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Time to add these science-backed diets to your list in 2020

With Coronavirus looming over our heads, it’s a good time to keep up with personal hygiene and look at immunity-boosting superfoods. Besides that, add to your list these five science-backed diets that’ll keep you healthy.

Google research for the the most effective hand sanitisers and disinfectant sprays have gone up, and with this comes to mind other things such as maintaining a healthy lifestyle to fight the flu. If you think 2020 is the year to be more conscious than ever about living a pro-active, healthier life, then you’re 100 per cent correct. This is not only boost your immunity to stand a better chance at fighting the virus but also kickstart a hygiene habit.

March is many things this year but one of the most understated of them of is that it is known as National Nutrition Month in the USA. Granted, we’re a good way away from the United States, yet it’s always fun to find a reason to get into (or back into) nutrition. To help you think about some easy and healthy diet changes to make, here we round up what the last year’s worth of studies have shown about how we can all improve our eating habits with these science-backed diets for the better.

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An Avocado-A-Day

Fans of avocado on toast will be happy to hear that eating an avocado a day could help lower levels of “bad” cholesterol. The small-scale study, which was published in the Journal of Nutrition, asked 45 participants to spend two weeks eating a “typical” American diet, and then follow a sequence of three diets for five weeks each, including a low-fat diet, a moderate-fat diet that included one avocado a day, and a moderate-fat diet without avocados but with extra healthy fats. After the five weeks, the researchers found that those who had followed the avocado diet had lower levels of LDL cholesterol particles, also known as “bad” cholesterol, than before the study or after following the low- and moderate-fat diets and higher levels of the antioxidant lutein.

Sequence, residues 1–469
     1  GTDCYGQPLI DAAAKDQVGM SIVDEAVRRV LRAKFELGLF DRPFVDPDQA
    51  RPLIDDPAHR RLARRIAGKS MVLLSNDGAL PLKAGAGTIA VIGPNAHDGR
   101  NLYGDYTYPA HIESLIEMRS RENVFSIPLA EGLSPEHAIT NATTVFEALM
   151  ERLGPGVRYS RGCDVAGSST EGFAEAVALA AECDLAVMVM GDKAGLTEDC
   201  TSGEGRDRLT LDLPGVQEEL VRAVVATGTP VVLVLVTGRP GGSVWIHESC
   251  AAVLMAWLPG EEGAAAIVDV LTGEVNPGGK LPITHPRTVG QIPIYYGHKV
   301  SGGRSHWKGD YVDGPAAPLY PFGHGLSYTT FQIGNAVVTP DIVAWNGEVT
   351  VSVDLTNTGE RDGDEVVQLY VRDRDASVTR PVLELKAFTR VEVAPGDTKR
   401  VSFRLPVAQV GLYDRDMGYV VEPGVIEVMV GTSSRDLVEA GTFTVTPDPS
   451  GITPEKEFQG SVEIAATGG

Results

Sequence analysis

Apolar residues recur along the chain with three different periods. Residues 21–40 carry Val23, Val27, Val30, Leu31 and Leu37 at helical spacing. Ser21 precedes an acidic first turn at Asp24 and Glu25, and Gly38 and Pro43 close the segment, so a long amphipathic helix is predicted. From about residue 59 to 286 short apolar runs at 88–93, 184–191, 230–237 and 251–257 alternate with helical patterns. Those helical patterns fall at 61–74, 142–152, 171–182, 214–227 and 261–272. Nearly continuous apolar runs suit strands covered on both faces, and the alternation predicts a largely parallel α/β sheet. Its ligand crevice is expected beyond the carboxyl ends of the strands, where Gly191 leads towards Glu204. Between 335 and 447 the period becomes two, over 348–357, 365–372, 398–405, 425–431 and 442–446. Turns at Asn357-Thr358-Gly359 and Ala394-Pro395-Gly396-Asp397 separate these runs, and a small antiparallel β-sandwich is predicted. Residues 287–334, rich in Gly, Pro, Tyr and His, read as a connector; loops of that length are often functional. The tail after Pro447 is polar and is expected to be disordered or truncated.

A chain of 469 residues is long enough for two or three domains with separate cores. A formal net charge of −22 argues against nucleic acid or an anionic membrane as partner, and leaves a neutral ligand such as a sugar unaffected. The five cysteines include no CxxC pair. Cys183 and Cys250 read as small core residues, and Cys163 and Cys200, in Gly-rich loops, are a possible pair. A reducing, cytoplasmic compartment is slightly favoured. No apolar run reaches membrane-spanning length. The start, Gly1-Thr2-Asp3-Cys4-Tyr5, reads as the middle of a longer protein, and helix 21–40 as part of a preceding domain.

Image: Courtesy Irene Kredenets/Unsplash

2 /5

Low Sugar

We all know that too much sugar is bad for our health, but a recent study also found that eating sugary foods may cause some of the metabolic, inflammatory, and neurobiological processes that are linked to depression. The researchers also added that eating too much sugar could be particularly harmful during winter, when darker days and the changes in sleep habits associated with winter can also have a negative effect on mental health. They also point out that although the symptoms of “winter-onset depression” can cause sufferers to crave sugar for a temporary boost in mood, sugar can in fact make symptoms worse.

Image: Courtesy Irene Kredenets/Unsplash

3 /5

Some Like it Hot

According to a large-scale Italian study which looked at 22,811 adults living in the Molise region of Italy, spice lovers might live longer, with the team finding that participants who ate chili peppers four times a week or more had a 40 per cent lower risk of dying of a heart attack compared to those who never or rarely ate them. In addition, their risk of dying from a stroke was more than halved. The researchers also pointed out that although the study was the first to investigate whether eating chili peppers could be linked to a lower risk of death in a European and Mediterranean population, the spicy ingredient has already been linked to a lower risk of death in Chinese and American populations.

Image: Courtesy Irene Kredenets/Unsplash

4 /5

Mushroom for Men

A Japanese study which looked at 36,499 men aged 40 to 79 found that the men who consumed mushrooms once or twice a week had an 8 percent lower risk of developing prostate cancer, regardless of how much fruit and vegetables, or meat and dairy products they ate, compared to those who ate mushrooms less than once per week. In addition, the researchers also found that the more men ate mushrooms, the bigger the benefits, with those who consumed mushrooms three or more times per week showing a 17 per cent lower risk than those who ate mushrooms less than once a week.

Image: Courtesy Harshal S Hirve/Unsplash

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Nuts for Nuts

According to a recent Iranian study of 5,432 adults, eating nuts at least twice a week appears to help lower the risk of death from cardiovascular disease. The researchers found that consuming nuts two or more times per week, including walnuts, almonds, pistachios, hazelnuts and seeds, is associated with a 17 per cent lower risk of death from cardiovascular disease, when compared to eating nuts once every two weeks. The team added that nuts are a good source of protein, minerals, vitamins, fiber, phytosterols and polyphenols, all of which benefit heart health, and are a good source of unsaturated fat while containing little saturated fat.

Image: Courtesy Joanna Kosinka/Unsplash

This article is published via AFP Relaxnews.

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